High-Altitude Experiments


A prisoner in a compression chamber loses consciousness (and later dies) during an experiment to determine altitudes at which aircraft crews could survive without oxygen. Dachau, Germany, 1942. (NARA Photo)

From about March 1942 to about August 1942 experiments were conducted at the Dachau concentration camp, for the benefit of the German Air Force, to investigate the limits of human endurance and existence at extremely high altitudes. The experiments were carried out in a low-pressure chamber in which atmospheric conditions and pressures prevailing at high altitude (up to 68,000 feet) could be duplicated.

The experimental subjects were placed in the low-pressure chamber and thereafter the simulated altitude therein was raised. Many victims died as a result of these experiments and others suffered grave injury, torture, and ill-treatment. The defendants Karl Brandt, Handloser, Schroeder, Gebhardt, Rudolf Brandt, Mrugowsky, Poppendick, Sievers, Ruff, Romberg, Becker-Freyseng, and Weltz are charged with special responsibility for and participation in these crimes.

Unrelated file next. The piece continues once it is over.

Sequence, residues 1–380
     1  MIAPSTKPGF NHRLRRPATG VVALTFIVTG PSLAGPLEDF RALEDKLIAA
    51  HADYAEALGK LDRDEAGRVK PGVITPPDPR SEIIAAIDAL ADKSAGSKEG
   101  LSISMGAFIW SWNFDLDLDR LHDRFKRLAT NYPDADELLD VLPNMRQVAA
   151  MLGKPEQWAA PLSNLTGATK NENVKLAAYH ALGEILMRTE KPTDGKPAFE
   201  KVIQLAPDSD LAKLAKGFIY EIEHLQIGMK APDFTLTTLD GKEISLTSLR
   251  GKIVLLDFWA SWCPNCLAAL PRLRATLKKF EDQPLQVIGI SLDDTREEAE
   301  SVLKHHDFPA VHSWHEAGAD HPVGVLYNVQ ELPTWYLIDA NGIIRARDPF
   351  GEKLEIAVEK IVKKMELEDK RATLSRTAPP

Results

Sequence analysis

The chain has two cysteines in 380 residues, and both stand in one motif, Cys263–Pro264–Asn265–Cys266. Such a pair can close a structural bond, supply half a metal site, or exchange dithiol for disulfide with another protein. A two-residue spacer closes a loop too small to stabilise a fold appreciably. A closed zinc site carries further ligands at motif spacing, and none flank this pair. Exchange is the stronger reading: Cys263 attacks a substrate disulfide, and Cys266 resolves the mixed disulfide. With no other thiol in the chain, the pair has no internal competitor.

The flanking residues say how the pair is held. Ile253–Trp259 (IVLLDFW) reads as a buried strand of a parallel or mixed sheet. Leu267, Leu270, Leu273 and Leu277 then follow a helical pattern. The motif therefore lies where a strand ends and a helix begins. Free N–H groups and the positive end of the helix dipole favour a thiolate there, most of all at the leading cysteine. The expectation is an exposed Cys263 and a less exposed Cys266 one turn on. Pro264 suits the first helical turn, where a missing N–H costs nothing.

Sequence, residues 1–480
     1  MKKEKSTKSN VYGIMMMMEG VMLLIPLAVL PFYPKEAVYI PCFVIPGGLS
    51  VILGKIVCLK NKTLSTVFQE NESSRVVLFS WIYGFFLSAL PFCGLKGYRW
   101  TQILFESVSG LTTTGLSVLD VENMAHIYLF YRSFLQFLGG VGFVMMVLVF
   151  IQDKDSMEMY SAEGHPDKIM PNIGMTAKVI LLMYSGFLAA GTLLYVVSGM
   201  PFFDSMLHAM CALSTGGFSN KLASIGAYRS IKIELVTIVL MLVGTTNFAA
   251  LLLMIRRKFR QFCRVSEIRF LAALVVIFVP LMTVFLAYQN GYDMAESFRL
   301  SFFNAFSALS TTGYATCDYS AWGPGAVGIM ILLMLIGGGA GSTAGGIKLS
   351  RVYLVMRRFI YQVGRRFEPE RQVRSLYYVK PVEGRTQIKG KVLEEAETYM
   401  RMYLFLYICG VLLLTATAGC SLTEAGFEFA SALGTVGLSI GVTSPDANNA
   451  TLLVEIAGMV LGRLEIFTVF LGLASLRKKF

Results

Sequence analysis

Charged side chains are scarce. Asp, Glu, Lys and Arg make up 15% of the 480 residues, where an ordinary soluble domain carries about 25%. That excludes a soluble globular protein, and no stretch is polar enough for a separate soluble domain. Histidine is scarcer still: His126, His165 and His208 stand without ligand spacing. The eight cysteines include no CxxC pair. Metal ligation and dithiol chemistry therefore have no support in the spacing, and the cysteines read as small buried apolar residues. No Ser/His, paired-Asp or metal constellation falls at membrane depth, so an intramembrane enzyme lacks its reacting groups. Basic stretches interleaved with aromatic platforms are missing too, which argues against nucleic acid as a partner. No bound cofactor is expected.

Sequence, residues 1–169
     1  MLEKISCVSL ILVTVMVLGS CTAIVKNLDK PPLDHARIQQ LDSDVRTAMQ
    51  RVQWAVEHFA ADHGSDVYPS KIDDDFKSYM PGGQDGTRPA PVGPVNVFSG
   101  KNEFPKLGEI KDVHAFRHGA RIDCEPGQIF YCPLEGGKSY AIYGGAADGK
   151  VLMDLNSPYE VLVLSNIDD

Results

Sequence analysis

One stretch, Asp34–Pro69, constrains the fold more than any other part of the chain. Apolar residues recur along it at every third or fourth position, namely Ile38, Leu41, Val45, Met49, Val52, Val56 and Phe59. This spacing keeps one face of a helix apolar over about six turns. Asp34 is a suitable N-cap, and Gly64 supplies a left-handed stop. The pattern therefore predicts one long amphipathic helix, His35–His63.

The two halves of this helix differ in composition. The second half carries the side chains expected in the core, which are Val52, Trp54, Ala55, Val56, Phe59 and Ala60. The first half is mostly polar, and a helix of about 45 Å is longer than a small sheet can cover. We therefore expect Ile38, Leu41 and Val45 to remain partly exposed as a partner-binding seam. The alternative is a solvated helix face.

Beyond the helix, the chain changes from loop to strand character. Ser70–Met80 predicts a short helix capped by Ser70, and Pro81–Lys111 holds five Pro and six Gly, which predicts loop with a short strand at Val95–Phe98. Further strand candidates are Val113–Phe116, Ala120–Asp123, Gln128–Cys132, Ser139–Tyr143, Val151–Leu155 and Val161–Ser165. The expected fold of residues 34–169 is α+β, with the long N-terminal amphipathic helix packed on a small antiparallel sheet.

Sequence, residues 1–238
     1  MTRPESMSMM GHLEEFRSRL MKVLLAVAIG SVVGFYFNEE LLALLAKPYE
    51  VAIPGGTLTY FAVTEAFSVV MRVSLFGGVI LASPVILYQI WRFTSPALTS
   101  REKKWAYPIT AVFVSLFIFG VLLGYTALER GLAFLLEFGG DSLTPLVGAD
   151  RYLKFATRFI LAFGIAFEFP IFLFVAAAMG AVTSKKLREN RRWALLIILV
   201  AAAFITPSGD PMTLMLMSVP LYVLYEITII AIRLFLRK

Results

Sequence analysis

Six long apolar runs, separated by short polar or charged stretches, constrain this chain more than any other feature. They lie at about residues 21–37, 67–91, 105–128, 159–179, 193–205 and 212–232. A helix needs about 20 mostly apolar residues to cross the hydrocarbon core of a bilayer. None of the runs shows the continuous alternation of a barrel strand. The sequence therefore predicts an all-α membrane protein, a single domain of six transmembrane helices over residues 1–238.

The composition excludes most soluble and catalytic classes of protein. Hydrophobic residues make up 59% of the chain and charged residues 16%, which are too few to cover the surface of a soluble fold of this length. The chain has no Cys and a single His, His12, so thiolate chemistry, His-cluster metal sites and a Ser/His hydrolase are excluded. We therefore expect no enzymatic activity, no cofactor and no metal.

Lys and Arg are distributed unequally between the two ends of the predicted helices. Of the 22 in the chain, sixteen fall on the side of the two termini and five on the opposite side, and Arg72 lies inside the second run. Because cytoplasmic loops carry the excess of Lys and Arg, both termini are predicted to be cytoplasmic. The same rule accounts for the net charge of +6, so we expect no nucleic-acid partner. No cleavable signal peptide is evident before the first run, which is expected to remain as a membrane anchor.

Sources: U.S. Holocaust Memorial Museum. Trials of War Criminals before the Nuremberg Military Tribunals under Control Council Law No. 10. Nuremberg, October 1946 - April 1949. Washington D.C.: U.S. G.P.O, 1949-1953.